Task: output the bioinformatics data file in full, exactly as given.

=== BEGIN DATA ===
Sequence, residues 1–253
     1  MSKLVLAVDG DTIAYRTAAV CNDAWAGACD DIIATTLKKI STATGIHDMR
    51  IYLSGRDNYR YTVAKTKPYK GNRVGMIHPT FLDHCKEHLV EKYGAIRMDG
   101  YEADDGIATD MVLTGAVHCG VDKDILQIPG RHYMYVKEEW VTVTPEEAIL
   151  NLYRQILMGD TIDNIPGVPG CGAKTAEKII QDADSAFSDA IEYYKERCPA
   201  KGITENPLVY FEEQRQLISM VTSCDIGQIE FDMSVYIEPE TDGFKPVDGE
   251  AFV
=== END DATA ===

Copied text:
Sequence, residues 1–253
     1  MSKLVLAVDG DTIAYRTAAV CNDAWAGACD DIIATTLKKI STATGIHDMR
    51  IYLSGRDNYR YTVAKTKPYK GNRVGMIHPT FLDHCKEHLV EKYGAIRMDG
   101  YEADDGIATD MVLTGAVHCG VDKDILQIPG RHYMYVKEEW VTVTPEEAIL
   151  NLYRQILMGD TIDNIPGVPG CGAKTAEKII QDADSAFSDA IEYYKERCPA
   201  KGITENPLVY FEEQRQLISM VTSCDIGQIE FDMSVYIEPE TDGFKPVDGE
   251  AFV